A technology challenge to developing better and cheaper nutrient sensors made the White House's Top 100 list of projects making an impact in American science, technology, and innovation. Mario Tamburri, director of the Alliance for Coastal Technologies (ACT) at the UMCES' Chesapeake Biological Laboratory, has been a key member of the Challenging Nutrients Coalition, a national inter-agency initiative working to improve our ability to measure and understand nutrient pollution.
Excessive nutrient levels in the Chesapeake Bay, and waters around the world, can fuel algal blooms that result in the summer’s ubiquitous ‘dead zones.’
“Nutrient pollution is the biggest, cross-cutting environmental problem, and our inability to make measurements of nutrients in the water—technology is currently too expensive and hard to use—is the biggest limitation to solving that problem,” said Tamburri. “Before we can solve the problem, we need the right tools.”
The Obama Administration led a Challenging Nutrients Coalition of Federal agencies, academia, and the private sector to bring open innovation and market stimulation approaches to develop better and cheaper nutrient sensors. In December 2014, the NOAA Administrator launched the Nutrient Sensor Challenge, and over 30 teams from around the world registered to participate.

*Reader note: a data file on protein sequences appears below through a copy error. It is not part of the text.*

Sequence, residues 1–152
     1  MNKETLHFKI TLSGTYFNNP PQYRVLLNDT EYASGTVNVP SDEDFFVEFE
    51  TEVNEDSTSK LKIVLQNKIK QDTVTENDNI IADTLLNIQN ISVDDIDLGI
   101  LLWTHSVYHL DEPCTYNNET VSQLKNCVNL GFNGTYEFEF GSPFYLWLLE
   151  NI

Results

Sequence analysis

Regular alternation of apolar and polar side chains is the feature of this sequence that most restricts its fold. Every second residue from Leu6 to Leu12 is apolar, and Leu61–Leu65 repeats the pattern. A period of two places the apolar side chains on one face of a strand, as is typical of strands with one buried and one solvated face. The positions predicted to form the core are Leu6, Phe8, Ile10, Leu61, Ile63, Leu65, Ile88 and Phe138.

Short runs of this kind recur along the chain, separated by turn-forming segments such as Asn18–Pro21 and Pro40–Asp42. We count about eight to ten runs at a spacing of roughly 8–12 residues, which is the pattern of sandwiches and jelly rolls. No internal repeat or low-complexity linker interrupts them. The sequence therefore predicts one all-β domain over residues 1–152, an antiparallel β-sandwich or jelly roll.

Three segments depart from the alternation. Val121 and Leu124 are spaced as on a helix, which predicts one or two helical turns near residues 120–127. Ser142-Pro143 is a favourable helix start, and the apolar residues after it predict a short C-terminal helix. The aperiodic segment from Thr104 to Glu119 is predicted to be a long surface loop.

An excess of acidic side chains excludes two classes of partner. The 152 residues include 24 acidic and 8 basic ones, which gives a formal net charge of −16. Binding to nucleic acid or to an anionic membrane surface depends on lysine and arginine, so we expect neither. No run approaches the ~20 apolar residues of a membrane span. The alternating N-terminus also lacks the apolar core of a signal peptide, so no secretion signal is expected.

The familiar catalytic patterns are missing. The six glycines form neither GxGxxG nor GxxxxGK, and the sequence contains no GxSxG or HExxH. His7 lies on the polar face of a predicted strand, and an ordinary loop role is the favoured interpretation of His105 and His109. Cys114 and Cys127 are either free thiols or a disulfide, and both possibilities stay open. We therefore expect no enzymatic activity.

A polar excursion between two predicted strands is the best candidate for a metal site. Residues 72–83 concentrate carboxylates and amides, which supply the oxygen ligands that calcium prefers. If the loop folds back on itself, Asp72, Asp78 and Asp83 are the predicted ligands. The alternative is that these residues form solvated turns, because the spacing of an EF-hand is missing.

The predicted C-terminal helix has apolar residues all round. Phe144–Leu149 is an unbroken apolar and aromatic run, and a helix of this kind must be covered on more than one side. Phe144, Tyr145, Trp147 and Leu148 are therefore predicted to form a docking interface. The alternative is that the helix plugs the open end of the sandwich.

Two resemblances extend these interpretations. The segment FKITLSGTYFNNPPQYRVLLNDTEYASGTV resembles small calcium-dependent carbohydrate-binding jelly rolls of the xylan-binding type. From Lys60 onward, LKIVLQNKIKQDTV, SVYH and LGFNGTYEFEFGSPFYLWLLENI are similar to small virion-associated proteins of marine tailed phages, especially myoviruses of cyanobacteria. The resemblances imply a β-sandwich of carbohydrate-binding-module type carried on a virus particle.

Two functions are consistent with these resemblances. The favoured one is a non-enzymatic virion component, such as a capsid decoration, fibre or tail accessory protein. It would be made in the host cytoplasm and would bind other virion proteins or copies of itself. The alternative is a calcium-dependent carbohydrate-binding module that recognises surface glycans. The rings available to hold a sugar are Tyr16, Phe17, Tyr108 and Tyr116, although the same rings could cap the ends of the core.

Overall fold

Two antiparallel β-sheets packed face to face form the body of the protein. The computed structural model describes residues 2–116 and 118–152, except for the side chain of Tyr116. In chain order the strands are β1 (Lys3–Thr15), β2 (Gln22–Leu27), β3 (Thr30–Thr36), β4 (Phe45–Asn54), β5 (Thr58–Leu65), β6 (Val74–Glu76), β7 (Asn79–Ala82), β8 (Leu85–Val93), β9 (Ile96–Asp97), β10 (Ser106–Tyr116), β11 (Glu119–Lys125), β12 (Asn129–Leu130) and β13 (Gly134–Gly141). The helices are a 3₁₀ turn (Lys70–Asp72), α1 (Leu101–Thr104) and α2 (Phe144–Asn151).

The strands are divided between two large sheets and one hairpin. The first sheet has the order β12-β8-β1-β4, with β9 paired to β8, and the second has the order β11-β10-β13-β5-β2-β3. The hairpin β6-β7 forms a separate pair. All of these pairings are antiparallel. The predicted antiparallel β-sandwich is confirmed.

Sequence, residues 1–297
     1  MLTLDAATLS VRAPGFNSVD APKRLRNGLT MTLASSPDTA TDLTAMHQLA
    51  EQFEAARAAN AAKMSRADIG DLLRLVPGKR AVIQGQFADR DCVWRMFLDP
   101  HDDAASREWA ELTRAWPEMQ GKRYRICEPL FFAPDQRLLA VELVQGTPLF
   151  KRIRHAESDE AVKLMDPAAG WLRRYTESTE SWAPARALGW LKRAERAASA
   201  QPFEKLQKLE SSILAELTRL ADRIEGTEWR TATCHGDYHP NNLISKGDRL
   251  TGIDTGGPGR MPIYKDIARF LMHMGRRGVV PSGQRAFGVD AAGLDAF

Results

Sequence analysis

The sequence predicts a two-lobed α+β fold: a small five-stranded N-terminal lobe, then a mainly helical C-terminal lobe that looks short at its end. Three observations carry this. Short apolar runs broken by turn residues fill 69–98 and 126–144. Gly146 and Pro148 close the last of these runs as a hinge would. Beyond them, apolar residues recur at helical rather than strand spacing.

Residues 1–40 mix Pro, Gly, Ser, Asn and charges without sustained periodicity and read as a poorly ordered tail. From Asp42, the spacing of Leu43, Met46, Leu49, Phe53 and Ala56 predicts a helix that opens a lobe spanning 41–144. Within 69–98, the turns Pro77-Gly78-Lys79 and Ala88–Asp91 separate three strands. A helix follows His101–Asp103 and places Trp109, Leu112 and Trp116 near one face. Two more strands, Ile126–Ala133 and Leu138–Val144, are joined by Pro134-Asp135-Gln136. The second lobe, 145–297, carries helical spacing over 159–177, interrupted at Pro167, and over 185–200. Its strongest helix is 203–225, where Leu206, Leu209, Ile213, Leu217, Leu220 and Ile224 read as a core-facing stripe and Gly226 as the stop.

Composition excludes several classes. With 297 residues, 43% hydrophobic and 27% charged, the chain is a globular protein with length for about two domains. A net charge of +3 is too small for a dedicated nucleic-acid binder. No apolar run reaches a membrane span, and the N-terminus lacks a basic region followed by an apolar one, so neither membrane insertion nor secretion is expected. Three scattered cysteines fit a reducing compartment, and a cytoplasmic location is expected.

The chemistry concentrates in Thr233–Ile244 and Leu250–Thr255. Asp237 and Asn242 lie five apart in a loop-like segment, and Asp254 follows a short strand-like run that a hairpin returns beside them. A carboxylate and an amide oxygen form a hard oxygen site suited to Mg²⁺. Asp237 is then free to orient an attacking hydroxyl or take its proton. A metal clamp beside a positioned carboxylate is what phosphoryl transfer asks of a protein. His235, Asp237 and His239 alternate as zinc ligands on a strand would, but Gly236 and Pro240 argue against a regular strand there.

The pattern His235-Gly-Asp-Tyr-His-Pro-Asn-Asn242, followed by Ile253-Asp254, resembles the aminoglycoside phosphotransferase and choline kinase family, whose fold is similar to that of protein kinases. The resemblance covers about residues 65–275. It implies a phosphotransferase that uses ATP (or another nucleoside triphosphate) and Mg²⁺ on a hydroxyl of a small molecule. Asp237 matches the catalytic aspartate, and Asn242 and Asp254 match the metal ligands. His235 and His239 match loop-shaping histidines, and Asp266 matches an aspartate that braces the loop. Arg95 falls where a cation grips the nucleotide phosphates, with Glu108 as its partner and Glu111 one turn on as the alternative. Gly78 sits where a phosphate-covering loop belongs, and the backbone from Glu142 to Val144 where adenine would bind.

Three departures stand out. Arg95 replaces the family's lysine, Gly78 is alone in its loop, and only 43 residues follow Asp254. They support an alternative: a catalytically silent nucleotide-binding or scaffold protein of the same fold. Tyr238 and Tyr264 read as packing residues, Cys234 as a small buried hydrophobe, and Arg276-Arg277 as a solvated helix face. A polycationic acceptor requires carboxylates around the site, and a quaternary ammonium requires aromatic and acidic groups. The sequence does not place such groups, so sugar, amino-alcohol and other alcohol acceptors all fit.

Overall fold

Five finalist, representing four nitrate/nitrite and four phosphate next-generation sensors, were selected for final verification testing. In a series of laboratory tests and field trials this summer, ACT scientists will assess how well the sensors perform over a wide range of water conditions and nutrient levels, including the Chesapeake Bay, Maumee River Ohio and a coral reef in Hawaii. CBL is one of the field sites where the prototypes will run through their paces for three months off the lab's 750-foot research pier.
For more on the race to invent the technology needed to solve the nation’s nutrient pollution problem, read Better Tools for Cleaner Water in the June issue of Chesapeake Quarterly.